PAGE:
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Open AccessArticle

Rheology of the Zagros Lithosphere from Post-Seismic Deformation of the 2017 Mw7.3 Kermanshah, Iraq, Earthquake

by 1,2, 3, 1,2,4,*, 1,2, 4 and 1,2,4
1
Aerospace Information Research Institute, Chinese Academy of Sciences, Beijing 100094, China
2
University of Chinese Academy of Sciences, Beijing 100049, China
3
Rosenstiel School of Marine and Atmospheric Sciences, University of Miami, Miami, FL 33149, USA
4
Laboratory of Target Microwave Properties (LAMP), Zhongke Academy of Satellite Application in Deqing (DASA), Deqing 313200, China
*
Author to whom correspondence should be addressed.
Remote Sens. 2020, 12(12), 2032; https://doi.org/10.3390/rs12122032
Received: 26 May 2020 / Revised: 23 June 2020 / Accepted: 23 June 2020 / Published: 24 June 2020
(This article belongs to the Special Issue Remote Sensing in Applied Geophysics)

Abstract

We use 2018–2020 Sentinel-1 InSAR time series data to study post-seismic deformation processes following the 2017 Mw 7.3 Kermanshah, Iraq earthquake. We remove displacements caused by two large aftershock sequences from the displacement field. We find that for a six month period the response is dominated by afterslip along the up-dip extension of the coseismic rupture zone, producing up to 6 cm of radar line-of-sight displacements. The moment magnitude of afterslip is Mw 5.9 or 12% of the mainshock moment. After that period, the displacement field is best explained by viscoelastic relaxation and a lower crustal viscosity of η l c = 1 0.4 + 0.8 × 10 19   Pas . The viscosity of the uppermost mantle is not constrained by the data, except that it is larger than 0.6 × 10 19   Pas . The relatively high lower crustal and uppermost mantle viscosities are consistent with a cold and dry lithosphere of the Zagros region.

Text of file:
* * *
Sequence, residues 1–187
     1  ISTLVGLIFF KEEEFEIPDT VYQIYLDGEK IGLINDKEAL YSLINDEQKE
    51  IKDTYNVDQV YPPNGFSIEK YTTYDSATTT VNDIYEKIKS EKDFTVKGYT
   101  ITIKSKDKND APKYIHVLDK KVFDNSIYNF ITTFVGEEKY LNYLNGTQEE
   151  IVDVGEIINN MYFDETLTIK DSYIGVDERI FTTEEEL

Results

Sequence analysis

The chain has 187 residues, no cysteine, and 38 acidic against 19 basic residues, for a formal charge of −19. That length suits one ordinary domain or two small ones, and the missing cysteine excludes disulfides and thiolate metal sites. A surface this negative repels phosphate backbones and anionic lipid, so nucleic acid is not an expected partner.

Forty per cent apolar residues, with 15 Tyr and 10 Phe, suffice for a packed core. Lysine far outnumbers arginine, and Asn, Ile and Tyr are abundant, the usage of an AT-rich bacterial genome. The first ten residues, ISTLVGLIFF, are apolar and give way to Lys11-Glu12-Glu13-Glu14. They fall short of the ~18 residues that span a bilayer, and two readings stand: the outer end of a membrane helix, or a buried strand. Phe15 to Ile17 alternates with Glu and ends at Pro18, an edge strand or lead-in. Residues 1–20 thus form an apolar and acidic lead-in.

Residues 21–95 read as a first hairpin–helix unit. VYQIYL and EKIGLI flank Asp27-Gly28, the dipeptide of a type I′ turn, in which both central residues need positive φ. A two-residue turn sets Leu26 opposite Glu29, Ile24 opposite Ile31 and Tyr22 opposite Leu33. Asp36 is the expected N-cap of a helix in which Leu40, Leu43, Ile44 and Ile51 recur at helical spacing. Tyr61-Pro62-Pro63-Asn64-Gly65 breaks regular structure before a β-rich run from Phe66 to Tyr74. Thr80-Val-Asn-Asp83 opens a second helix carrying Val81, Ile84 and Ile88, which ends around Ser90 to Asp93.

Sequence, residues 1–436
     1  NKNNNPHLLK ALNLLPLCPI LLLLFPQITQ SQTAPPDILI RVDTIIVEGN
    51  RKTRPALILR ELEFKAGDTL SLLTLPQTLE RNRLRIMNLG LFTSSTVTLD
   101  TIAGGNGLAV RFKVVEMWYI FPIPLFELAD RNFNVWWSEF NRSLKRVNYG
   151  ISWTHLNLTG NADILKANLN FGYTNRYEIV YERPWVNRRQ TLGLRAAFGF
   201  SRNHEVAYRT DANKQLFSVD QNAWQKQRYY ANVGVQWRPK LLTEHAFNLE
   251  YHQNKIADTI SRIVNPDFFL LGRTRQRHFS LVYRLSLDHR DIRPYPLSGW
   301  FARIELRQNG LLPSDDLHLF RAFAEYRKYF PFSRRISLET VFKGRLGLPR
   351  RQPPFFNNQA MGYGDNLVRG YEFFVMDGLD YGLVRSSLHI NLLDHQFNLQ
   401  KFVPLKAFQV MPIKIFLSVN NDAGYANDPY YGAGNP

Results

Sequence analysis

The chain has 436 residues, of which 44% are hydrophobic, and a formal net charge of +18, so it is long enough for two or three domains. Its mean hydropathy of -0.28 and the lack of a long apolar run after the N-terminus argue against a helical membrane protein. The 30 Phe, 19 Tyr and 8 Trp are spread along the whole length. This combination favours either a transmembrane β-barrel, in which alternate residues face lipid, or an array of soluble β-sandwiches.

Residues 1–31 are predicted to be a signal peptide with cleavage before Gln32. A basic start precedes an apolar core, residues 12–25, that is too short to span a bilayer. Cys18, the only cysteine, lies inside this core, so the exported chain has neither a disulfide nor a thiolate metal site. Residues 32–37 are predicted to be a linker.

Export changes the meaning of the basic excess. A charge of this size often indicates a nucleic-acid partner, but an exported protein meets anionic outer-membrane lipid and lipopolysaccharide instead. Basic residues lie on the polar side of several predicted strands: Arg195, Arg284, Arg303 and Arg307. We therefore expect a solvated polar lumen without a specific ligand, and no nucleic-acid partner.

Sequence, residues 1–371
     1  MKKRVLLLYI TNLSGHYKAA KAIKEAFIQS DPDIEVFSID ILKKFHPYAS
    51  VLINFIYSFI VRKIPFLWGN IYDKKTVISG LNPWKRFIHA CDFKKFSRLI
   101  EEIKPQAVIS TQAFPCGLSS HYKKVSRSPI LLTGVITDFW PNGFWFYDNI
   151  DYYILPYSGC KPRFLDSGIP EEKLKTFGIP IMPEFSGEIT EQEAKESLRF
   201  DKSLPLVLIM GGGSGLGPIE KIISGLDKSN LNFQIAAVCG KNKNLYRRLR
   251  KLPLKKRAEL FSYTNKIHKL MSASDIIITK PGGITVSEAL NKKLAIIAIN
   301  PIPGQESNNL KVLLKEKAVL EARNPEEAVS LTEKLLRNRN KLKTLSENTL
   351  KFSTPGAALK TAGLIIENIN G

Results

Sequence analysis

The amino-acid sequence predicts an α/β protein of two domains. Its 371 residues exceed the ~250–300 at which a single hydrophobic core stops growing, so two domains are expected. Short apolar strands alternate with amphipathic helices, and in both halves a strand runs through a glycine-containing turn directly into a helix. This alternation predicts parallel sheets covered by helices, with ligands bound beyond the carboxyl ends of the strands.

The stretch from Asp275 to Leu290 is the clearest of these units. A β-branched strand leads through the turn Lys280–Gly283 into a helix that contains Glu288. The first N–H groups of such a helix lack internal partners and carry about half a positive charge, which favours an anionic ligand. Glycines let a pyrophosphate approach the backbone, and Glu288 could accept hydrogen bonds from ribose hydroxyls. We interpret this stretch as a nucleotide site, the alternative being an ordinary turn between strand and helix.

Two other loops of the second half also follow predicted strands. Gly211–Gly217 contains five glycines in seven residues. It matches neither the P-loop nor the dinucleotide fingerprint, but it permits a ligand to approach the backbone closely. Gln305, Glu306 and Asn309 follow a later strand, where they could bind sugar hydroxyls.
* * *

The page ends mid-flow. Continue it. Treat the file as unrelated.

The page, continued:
Keywords: post-seismic deformation mechanism; InSAR time series algorithm; Kermanshah earthquake; viscoelastic relaxation post-seismic deformation mechanism; InSAR time series algorithm; Kermanshah earthquake; viscoelastic relaxation

1. Introduction

The Mw 7.3 Kermanshah earthquake of 12 November 2017 near the Iran/Iraq boundary occurred along a thrust fault of the Zagros Mountains. It killed more than 400 people and destroyed 12,000 buildings. There were serious economic losses caused by this event [1]. It was one of the largest earthquakes in the northwestern Zagros during the instrumental era (others were the 1909 Mw 7.3 earthquake and 1957 Mw 7.1 earthquake) [2,3]. Observations of post-seismic deformation provide an opportunity to investigate the fault and rheological properties of the Zagros lithosphere.
Post-seismic displacements can be caused by (i) afterslip along the fault, either along the patch that ruptured during the earthquake or next to it [4,5,6,7]; (ii) viscoelastic relaxation of the lower crust and/or upper mantle [8,9,10]; (iii) poroelastic rebound following earthquake-induced pore-fluid pressure changes [11,12,13]; or (iv) large aftershocks. These processes have different spatial-temporal characteristics [14]. Afterslip and poroelastic rebound cause ground displacements in the near field and last for a few months to years. In contrast, viscoelastic relaxation causes displacements in the far field and can last several decades. Understanding the origin of post-seismic deformation is important for seismic hazard because it changes the crustal stress field, loading or unloading nearby faults [15,16,17].